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March 28, 2011


(The photo is what the quilt looks like when I look up from a book, without my glasses.)

Hmm. Looks as if you're about as nearsighted as I am. Interesting idea, to try and show what that's like with a photo.

You never answered the question. Cassandras must answer!

I ordered that book and misplaced it after about the ninth story. No doubt when it surfaces I will read a few more.

Dave, one must attempt to show what Christmas trees look like without one's glasses! One of the few enjoyable features of being near-sighted.

Gives one a funny feeling to see something out of focus when wearing glasses, doesn't it?

Wait -- what question didn't I answer, Marly?? You're right, Cassandra must answer!

The one your husband asked!

Hmm. Yes, I guess I wasn't completely forthcoming! I was reading (as I had said earlier) "The Collected Stories of Lydia Davis." When he asked "Are they good?" I didn't answer but instead read him a couple. But my own answer is that they are fantastic. I love them, and her quirky way of writing, which opens up possibilities in my own head. He did not, however, ask me what I thought about the oboe!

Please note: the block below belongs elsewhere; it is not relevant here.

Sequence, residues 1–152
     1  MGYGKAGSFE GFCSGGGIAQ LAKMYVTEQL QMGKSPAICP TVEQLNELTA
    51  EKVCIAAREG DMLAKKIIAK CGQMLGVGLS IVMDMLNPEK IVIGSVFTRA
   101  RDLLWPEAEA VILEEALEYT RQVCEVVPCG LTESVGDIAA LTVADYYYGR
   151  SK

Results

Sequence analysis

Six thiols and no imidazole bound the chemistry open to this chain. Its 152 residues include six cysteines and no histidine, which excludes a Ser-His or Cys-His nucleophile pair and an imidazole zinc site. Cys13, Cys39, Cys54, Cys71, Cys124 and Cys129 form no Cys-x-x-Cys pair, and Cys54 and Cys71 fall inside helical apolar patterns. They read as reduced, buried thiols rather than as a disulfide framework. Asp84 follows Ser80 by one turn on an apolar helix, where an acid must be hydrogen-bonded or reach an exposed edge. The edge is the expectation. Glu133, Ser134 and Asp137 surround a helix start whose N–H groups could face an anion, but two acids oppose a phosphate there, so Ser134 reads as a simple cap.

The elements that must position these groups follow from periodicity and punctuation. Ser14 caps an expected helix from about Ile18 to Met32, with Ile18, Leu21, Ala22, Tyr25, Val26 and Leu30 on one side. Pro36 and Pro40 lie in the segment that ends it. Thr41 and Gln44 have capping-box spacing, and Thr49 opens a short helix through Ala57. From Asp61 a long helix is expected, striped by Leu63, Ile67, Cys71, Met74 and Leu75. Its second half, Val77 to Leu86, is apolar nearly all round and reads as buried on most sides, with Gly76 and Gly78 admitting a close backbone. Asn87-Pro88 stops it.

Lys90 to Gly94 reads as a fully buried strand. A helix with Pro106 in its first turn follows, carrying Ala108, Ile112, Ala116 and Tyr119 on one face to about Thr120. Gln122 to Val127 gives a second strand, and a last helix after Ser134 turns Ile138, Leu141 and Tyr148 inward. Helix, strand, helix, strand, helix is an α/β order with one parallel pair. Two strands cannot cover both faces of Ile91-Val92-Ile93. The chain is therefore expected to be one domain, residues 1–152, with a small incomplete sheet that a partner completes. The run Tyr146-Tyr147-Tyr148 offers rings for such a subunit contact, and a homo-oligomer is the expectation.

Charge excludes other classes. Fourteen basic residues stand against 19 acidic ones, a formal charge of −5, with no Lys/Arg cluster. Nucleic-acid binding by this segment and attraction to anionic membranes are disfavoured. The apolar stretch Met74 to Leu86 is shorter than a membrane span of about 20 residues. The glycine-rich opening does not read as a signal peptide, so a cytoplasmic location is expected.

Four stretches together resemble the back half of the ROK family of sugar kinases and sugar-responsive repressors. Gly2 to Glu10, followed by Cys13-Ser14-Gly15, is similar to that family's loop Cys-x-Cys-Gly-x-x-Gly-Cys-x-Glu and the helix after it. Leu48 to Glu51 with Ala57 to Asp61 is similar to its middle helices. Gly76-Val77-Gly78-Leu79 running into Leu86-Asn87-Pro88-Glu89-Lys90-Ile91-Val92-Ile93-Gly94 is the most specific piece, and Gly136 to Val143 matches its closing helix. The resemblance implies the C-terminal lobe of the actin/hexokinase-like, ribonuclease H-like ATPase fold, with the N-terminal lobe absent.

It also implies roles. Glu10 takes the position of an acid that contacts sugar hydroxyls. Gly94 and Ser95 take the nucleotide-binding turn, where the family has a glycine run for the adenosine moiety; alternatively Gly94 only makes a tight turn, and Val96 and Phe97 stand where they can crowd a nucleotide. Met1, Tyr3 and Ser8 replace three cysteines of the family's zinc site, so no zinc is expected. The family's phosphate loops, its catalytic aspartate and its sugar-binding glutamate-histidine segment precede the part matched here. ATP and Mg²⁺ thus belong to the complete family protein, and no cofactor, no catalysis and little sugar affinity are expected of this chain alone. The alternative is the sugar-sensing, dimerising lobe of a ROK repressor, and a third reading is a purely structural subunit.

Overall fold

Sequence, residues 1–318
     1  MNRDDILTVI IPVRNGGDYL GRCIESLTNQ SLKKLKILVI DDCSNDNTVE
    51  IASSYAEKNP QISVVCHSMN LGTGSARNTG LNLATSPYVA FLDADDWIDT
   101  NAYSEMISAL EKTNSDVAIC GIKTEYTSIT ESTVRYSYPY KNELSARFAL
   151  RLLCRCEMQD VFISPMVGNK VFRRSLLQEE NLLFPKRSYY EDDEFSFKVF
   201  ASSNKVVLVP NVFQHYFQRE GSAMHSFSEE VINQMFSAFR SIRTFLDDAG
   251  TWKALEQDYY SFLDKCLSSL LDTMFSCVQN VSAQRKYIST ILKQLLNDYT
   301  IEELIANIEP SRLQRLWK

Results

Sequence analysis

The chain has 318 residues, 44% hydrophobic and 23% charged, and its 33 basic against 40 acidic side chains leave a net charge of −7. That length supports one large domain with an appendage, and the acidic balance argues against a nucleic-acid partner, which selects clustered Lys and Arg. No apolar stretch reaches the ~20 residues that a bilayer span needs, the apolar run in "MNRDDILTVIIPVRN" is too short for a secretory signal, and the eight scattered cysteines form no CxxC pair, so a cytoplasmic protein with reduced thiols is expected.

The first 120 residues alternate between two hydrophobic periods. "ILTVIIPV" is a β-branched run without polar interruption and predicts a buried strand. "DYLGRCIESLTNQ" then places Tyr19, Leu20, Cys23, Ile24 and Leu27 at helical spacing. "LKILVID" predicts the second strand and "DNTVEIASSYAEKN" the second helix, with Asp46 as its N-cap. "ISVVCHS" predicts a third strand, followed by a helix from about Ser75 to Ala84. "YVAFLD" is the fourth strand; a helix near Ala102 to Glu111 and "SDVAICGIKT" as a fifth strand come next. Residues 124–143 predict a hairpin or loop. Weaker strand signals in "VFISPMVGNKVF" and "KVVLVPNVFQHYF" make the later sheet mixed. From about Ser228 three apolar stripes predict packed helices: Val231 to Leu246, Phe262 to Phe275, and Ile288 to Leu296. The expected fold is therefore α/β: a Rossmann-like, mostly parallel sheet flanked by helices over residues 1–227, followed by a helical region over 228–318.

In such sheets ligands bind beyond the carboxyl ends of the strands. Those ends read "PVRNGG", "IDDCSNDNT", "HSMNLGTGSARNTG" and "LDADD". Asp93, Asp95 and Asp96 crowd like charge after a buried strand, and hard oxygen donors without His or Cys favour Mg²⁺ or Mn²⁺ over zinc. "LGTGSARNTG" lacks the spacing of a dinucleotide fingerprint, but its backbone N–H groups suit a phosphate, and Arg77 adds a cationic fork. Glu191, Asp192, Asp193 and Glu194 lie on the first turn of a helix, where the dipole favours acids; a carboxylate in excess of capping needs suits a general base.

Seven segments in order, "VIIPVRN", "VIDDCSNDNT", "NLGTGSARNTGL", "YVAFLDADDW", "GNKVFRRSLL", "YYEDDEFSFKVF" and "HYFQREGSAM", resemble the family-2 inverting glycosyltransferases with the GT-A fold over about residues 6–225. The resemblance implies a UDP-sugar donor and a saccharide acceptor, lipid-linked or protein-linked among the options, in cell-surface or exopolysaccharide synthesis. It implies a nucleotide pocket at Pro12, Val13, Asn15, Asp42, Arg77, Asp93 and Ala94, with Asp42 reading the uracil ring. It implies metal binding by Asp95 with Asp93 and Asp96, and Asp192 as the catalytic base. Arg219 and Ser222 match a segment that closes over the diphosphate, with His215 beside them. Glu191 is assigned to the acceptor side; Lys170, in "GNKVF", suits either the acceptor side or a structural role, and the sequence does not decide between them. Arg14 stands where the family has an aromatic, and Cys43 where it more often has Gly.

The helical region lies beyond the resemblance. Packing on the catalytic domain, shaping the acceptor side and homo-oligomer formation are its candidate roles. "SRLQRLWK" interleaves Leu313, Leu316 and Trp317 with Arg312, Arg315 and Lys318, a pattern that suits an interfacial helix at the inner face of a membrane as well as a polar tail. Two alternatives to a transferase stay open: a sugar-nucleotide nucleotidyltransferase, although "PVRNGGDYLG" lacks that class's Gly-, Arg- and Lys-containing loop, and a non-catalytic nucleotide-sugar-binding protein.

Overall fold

And as for the oboe, perhaps that is just as well!

Great post. Another great post!

I've read this several times today. Don't know why except that I really like it, and the first line makes me smile because I know that feeling too well... that throwing myself into some online discussion and then wishing I'd used the time otherwise. You capture that feeling really well here.

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Who was Cassandra?

  • In the Iliad, she is described as the loveliest of the daughters of Priam (King of Troy), and gifted with prophecy. The god Apollo loved her, but she spurned him. As a punishment, he decreed that no one would ever believe her. So when she told her fellow Trojans that the Greeks were hiding inside the wooden horse...well, you know what happened.